This is not, I hope, a trivial pursuit. We have now lost the meaning of March Forth! But from 1793 to 1937, Americans recognized the pun--and the date. March 4th was not so much a military order as it was Americans Inauguration Day. Thats why all those Presidents, from George Washingtons second term to FDRs second, were inaugurated on that day.

The long delay between Election Day--by tradition, the first Tuesday after the first Monday in November--and Inauguration Day on March 4th was originally intended to permit an orderly transfer of government. Recall that the Founders plan was for Presidential Electors to be chosen on Election Day. They would then have to have several weeks to assemble in their respective state capitols. Electors still do this, in obedience to the Constitution. It could take weeks in those days for Electors to travel from the mountains of (Western) Virginia to Richmond or for those near Buffalo, New York, to make their way to Albany. Once the Electors had cast their ballots, it would take more weeks to carry those sealed ballots to the nations capital. New York was the first capital (1789-90), followed in a year by Philadelphia (1790-1800), and only after ten years by Washington, D.C. (1800-present).

Once received in the capital, it would be the duty of the Vice President of the United States to open the envelopes and read the results to the Congress. A few times in our history, this responsibility would fall upon a man who actually lost the recently concluded Presidential campaign. These included John C. Breckenridge in 1861, who lost to Abraham Lincoln (and who later became a Confederate Brigadier General), Richard Nixon in 1961, who lost to John F. Kennedy, Hubert Humphrey in 1969, who lost to Nixon, and Albert Gore, who lost to George W. Bush in 2001.

Very soon, the Founders ideas of the Electoral College were superseded by party politics. Instead of meeting in their state capitols to deliberate and make their choices for President and Vice President, the Electors soon merely registered the will of the voters of their states. Rare it is for an Elector to buck the judgment of the voters of his state. The two most recent of these faithless Electors were State Rep. Mike Padden (R) of Washington State in 1976 and an unnamed Minnesota Elector in 2004. Mike Padden was elected as a Gerry Ford Elector. But everyone knew that Jimmy Carter had already won the `76 election. So Padden thought it was safe to register his true opinion and he voted for Ronald Reagan. Paddens one Electoral Vote cast for the former California Governor was just the first rogue elephant in what would soon become an elephant stampede of 1015 Reagan Electors. Now, that unnamed Minnesota Kerry Elector in 2004 also knew that he or she would not upset the election results. That faithless Elector voted for John Edwards. Maybe thats why this one chooses to remain anonymous.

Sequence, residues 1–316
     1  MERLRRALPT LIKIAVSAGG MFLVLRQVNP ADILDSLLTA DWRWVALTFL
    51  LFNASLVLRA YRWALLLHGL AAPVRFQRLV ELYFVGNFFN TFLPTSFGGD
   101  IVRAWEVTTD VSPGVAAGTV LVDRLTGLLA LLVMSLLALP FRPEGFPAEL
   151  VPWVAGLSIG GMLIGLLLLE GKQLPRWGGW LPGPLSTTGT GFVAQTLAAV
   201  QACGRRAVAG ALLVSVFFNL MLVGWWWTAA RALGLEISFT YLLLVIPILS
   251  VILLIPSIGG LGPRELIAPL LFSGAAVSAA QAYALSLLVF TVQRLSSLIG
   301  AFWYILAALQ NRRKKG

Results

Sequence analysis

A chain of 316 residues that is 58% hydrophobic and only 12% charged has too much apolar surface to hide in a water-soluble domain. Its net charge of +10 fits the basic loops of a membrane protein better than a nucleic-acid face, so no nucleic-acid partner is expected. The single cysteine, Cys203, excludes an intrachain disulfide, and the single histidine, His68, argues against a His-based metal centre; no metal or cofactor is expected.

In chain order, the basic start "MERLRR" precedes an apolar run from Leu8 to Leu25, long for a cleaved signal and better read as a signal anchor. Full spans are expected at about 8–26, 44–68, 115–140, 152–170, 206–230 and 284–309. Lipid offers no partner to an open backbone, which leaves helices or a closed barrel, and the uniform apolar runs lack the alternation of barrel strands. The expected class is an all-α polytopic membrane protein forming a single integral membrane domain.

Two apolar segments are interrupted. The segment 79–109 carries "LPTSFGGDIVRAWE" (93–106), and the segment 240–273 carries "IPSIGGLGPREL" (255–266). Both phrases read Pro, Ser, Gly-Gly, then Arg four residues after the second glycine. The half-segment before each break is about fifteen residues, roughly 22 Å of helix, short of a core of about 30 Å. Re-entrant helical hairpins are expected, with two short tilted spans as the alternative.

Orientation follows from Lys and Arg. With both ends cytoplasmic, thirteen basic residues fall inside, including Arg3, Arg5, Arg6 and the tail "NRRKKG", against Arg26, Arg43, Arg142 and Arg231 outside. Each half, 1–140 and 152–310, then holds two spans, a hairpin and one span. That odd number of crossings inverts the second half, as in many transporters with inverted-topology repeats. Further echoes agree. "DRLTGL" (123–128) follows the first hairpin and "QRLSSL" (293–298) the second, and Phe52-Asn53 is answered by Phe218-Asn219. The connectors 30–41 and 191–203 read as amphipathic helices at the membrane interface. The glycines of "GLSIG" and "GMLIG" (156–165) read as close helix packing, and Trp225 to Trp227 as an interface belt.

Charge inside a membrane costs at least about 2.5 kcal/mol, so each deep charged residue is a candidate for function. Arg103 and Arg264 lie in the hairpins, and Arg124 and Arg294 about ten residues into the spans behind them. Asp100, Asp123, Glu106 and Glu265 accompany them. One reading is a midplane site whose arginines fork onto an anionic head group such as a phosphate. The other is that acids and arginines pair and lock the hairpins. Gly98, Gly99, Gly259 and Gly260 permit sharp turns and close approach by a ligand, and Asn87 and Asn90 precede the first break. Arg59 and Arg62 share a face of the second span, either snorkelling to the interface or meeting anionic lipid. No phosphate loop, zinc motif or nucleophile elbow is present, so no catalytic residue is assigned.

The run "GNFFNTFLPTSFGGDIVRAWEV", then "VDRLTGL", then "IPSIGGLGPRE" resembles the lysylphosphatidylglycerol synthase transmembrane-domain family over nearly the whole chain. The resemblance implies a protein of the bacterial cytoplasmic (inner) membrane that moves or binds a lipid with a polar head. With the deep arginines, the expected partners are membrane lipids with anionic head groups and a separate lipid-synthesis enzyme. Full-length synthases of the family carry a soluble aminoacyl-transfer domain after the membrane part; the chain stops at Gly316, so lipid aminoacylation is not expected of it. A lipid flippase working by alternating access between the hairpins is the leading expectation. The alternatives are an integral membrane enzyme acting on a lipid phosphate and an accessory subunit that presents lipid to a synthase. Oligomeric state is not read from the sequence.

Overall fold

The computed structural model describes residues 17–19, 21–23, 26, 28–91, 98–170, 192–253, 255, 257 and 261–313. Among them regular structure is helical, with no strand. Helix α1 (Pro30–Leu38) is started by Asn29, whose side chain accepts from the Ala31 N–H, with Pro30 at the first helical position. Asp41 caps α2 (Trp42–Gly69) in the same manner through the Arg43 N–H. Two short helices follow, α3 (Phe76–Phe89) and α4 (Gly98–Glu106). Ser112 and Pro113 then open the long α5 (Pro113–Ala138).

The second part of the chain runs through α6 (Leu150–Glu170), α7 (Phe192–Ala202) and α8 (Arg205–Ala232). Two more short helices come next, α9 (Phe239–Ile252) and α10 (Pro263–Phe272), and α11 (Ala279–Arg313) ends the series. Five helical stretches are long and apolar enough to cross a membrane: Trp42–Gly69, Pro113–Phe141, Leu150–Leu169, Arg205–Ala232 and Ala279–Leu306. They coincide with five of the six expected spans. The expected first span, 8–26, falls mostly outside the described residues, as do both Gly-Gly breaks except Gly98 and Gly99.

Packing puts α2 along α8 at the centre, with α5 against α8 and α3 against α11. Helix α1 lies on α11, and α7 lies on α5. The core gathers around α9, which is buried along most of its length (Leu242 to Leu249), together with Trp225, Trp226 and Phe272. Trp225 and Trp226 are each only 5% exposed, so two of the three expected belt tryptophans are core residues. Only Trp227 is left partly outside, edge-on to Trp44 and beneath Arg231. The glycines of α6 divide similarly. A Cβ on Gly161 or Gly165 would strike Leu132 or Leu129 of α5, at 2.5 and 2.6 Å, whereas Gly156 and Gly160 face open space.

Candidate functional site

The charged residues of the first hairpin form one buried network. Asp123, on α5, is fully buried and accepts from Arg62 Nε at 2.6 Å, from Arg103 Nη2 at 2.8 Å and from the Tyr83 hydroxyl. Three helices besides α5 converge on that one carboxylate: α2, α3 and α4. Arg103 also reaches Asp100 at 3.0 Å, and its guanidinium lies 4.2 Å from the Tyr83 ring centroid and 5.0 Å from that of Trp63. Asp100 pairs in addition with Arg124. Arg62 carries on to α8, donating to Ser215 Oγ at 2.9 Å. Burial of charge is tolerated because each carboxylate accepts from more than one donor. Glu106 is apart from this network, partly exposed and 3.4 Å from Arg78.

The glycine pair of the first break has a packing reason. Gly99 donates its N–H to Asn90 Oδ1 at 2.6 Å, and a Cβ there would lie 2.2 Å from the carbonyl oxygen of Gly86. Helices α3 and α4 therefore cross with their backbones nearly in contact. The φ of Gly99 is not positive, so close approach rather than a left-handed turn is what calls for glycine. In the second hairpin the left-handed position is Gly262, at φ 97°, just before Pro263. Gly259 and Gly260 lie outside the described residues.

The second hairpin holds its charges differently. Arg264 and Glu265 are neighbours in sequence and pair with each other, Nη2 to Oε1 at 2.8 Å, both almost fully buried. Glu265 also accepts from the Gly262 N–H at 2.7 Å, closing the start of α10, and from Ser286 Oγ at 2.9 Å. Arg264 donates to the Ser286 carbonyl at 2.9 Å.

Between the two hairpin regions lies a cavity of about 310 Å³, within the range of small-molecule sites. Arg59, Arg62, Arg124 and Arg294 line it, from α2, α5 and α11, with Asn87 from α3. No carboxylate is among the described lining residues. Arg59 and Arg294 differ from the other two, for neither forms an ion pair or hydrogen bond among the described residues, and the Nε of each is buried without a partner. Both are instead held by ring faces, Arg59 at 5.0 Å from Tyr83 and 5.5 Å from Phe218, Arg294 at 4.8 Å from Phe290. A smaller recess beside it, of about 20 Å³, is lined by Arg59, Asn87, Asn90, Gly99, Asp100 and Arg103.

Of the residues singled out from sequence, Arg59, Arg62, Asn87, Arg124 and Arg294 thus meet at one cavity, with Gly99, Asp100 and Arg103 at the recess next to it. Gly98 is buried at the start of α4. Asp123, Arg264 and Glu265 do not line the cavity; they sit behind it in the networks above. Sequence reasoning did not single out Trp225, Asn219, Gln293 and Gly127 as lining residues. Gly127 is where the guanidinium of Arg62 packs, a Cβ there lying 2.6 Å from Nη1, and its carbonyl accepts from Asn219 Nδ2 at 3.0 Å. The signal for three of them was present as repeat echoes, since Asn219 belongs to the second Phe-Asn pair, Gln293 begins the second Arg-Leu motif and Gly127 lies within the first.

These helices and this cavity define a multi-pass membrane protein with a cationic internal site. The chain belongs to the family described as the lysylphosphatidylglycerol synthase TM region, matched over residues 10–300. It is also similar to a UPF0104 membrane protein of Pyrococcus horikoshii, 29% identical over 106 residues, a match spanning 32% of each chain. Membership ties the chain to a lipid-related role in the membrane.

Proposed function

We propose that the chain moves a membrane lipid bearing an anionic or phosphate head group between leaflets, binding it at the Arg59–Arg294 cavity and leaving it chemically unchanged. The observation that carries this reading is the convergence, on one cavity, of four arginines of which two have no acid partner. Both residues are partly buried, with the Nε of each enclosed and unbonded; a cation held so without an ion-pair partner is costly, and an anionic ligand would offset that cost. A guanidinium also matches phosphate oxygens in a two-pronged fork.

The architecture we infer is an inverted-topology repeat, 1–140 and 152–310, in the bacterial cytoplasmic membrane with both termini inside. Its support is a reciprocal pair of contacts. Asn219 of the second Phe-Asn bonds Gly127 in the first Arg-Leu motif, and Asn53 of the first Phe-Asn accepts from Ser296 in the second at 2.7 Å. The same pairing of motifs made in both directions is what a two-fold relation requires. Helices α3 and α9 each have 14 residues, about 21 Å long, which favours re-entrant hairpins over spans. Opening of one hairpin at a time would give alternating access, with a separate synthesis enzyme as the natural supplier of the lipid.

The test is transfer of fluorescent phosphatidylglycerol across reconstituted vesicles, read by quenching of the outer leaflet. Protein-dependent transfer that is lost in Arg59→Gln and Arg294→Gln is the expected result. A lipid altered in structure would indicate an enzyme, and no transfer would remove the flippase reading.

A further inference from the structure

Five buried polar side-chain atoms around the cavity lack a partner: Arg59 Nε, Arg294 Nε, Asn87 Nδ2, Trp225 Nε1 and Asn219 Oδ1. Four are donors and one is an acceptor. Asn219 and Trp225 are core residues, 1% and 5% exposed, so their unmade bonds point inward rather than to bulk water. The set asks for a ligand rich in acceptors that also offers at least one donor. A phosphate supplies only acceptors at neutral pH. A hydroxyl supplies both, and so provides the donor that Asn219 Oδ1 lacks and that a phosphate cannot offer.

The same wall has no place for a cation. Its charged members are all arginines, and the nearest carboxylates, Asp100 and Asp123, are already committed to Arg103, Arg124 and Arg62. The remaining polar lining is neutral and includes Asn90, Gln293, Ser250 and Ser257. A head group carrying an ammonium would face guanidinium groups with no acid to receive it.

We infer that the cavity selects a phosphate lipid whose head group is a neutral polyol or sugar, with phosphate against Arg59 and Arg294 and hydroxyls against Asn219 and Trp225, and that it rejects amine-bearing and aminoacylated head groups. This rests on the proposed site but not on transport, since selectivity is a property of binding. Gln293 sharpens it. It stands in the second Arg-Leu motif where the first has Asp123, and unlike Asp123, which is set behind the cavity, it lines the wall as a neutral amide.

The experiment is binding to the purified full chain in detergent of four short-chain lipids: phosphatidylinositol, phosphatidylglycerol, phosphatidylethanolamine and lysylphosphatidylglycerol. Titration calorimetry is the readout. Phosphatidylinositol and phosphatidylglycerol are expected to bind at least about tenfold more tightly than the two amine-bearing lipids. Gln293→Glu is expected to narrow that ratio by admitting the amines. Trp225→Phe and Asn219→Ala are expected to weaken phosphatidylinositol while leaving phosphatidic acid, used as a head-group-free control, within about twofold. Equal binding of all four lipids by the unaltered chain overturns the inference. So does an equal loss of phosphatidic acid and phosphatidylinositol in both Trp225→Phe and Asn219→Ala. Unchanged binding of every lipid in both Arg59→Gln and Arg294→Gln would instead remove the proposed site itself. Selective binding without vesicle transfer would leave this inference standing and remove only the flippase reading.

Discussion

So, why isnt March 4th still Inauguration Day? We had had two near-brushes with disaster in the long interregnum of nearly five months. First, 1860-61 was called the Secession Winter. President-elect Abraham Lincoln had no authority to take any actions before taking the oath of office. He could not stop state secession conventions from meeting and voting to take their states out of the Union. We came perilously close to losing the country in that dangerous winter.

Then, in 1932-33, President Hoover had been almost completely discredited (Hoover lost 42 of the 48 states to Franklin D. Roosevelt). Hoovers attempts to gain President-elect Roosevelts cooperation with his lamest of lame duck administration were rebuffed by the New York Governor. Not only did they no longer trust one another, FDR treated the increasingly desperate Hoover like a flailing, drowning man. Hoover had good reason to be desperate as banks failed all over the country and he had to order the U.S. Army to ride postal mail trucks to prevent armed bands from stealing the mails!

Thats why Congress drafted the Twentieth Amendment to the Constitution. This amendment mandated that the new Congress should convene on January 3rd after the November elections and the President and Vice President should be sworn in at noon on January 20th. Advances in transportation no longer required such a long waiting period between election and taking office. This so-called Lame Duck Amendment was quickly ratified.

We no longer start our Presidential administrations with a brisk march forth, but we do recognize another important tradition. If Inauguration Day falls on a Sunday, the swearing-in takes place privately, in the White House, and the ceremonial oath-taking, with its parades, bands, cannons, and Inaugural Balls, is postponed until Monday. That Sunday exception is interesting. It applied to Monroe (1821), Taylor (1849), Hayes (1877), Wilson (1917), Eisenhower (1957) and Reagan (1985). Today, we watch the Super Bowl on Sunday. Many of us go to the Mall or to brunch on a Sunday. Why do you think our leaders still hesitate to inaugurate a new President on a Sunday? And how much longer will we do so?